As before, the Rambler line included a Deliveryman wagon that wasn't shown in the regular catalog. Only 35 were made under both Nash and Hudson nameplates, but another new model, a three-passenger business coupe (a two-door sedan with no rear seat), debuted with 77 produced.

1955 Nash Rambler Custom Cross Country
©2007 Publications International, Ltd.
Four-door Ramblers, including this Custom Cross Country, got a distinct paint option for spring 1955.

In the Mobilgas Economy Run that year, a Rambler four-door set an all-time record for cars with automatic transmissions: 27.47 mpg. Memories were still fresh of a stickshift Rambler with overdrive that set a record of 31.05 mpg in 1951, a record that was still in place in 1955.

American Motors's message this year was that Rambler was a bold new idea in automobiles. "IT HAD TO COME," shouted one line, "the time . . . for nimble, more agile cars . . . more versatile cars . . . stronger in construction, safer on curves . . . cars that can travel up to 600 miles on a tankful of gasoline."

May 1955 brought the debut of a special paint scheme, called Rambler Fashion Tone, which consisted of a main body color offset by a contrasting color applied to the rockers, roof, rear deck, and portions of the rear quarters and doors.

Production soared during the year, with Rambler finally able to build some volume. A total of 81,237 were built. The importance of the four-door models can't be over-emphasized; with 60,848 produced, they literally made the Rambler line viable.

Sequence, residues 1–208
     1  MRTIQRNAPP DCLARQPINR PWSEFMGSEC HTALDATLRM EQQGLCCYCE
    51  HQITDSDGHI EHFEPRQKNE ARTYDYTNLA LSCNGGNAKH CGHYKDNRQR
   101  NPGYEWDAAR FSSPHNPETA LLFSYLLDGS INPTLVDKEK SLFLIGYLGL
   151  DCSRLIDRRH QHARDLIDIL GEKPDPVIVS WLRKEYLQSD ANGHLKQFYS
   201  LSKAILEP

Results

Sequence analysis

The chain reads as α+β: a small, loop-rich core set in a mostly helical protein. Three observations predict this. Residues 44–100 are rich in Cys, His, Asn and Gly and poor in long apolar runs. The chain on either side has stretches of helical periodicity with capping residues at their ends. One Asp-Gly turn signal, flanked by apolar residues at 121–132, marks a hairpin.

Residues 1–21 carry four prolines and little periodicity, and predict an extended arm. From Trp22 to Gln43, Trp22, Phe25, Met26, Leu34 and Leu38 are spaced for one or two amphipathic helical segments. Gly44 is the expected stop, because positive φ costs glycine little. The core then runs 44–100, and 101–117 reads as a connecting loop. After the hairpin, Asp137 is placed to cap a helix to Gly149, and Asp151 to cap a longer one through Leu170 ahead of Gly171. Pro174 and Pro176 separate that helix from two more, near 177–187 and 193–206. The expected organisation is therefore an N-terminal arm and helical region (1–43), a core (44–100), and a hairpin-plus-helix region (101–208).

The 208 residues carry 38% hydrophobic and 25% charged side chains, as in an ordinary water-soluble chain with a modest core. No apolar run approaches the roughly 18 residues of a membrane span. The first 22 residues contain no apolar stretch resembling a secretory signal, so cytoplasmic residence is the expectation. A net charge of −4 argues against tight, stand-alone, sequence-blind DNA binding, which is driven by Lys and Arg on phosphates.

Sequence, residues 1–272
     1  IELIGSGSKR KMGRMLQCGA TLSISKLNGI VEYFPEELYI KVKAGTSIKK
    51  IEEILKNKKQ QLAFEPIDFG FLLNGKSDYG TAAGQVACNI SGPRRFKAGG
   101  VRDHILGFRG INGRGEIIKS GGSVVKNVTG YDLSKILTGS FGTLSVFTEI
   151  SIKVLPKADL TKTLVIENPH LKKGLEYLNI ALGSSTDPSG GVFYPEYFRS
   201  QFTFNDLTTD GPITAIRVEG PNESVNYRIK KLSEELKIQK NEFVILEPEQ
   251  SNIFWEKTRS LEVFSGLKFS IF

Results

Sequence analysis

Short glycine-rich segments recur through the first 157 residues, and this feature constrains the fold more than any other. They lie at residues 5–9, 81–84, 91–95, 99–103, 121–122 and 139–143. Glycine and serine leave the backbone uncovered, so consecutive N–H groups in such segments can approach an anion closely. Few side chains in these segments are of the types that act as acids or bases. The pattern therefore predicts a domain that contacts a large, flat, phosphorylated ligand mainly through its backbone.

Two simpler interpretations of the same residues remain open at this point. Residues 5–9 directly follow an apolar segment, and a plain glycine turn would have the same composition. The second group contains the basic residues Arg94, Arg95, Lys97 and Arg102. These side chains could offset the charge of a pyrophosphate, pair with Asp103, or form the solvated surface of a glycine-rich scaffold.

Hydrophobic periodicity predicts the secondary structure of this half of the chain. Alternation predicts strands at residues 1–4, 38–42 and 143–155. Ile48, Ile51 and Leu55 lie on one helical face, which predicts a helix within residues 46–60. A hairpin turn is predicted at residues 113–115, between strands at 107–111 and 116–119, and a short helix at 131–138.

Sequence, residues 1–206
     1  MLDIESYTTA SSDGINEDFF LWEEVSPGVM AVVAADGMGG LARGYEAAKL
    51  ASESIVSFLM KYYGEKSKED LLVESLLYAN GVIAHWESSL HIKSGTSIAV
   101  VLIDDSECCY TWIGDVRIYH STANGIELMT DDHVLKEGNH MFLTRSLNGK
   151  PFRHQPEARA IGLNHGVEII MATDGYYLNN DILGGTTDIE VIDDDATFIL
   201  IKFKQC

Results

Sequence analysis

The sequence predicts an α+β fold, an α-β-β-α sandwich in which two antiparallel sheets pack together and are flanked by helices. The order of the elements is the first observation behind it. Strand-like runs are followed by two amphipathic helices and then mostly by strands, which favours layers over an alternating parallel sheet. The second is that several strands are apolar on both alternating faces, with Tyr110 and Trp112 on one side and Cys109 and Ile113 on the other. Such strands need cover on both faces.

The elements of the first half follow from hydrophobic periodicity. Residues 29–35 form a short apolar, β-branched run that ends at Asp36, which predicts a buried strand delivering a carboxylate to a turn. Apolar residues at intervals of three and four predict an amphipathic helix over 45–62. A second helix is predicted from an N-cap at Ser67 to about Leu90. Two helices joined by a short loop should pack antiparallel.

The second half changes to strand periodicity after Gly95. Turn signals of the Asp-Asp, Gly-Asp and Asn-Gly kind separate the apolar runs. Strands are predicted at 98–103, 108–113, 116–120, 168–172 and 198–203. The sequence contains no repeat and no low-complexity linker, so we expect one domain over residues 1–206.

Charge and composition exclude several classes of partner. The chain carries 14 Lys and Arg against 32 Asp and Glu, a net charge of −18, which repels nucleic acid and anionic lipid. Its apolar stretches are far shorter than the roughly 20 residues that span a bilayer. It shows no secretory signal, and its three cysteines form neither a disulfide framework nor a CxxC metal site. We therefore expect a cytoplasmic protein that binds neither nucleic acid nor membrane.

Although the budget-priced two-door Deluxe boasted a low price tag, more than three times as many four-door Cross Country wagons -- the most expensive model -- were produced.

The value of having Hudson dealers on board can't be discounted either. Hudson versions accounted for 25,214 of the total Ramblers built.

By this time, George Romney had assumed the top post at American Motors, the new company that resulted from the Nash-Hudson merger. His predecessor, former Nash president George Mason, died suddenly in October 1954.

It has often been speculated that Romney rushed through the change to the open front wheels, dropping the enclosed fenders his boss had loved, but evidence discounts that idea. Mason's death came around the same time the new cars would have gone into production, so he must have seen and approved the new look.

Besides, Romney's hands were full enough. His company was enjoying a brief honeymoon this year but would be pushed to the wall in 1956. Tough times were on the way.

Check out numbers for weight, prices, and production of the 1953-1955 Nash and Hudson Rambler on the next page.

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1953-1955 Nash and Hudson Rambler Specifications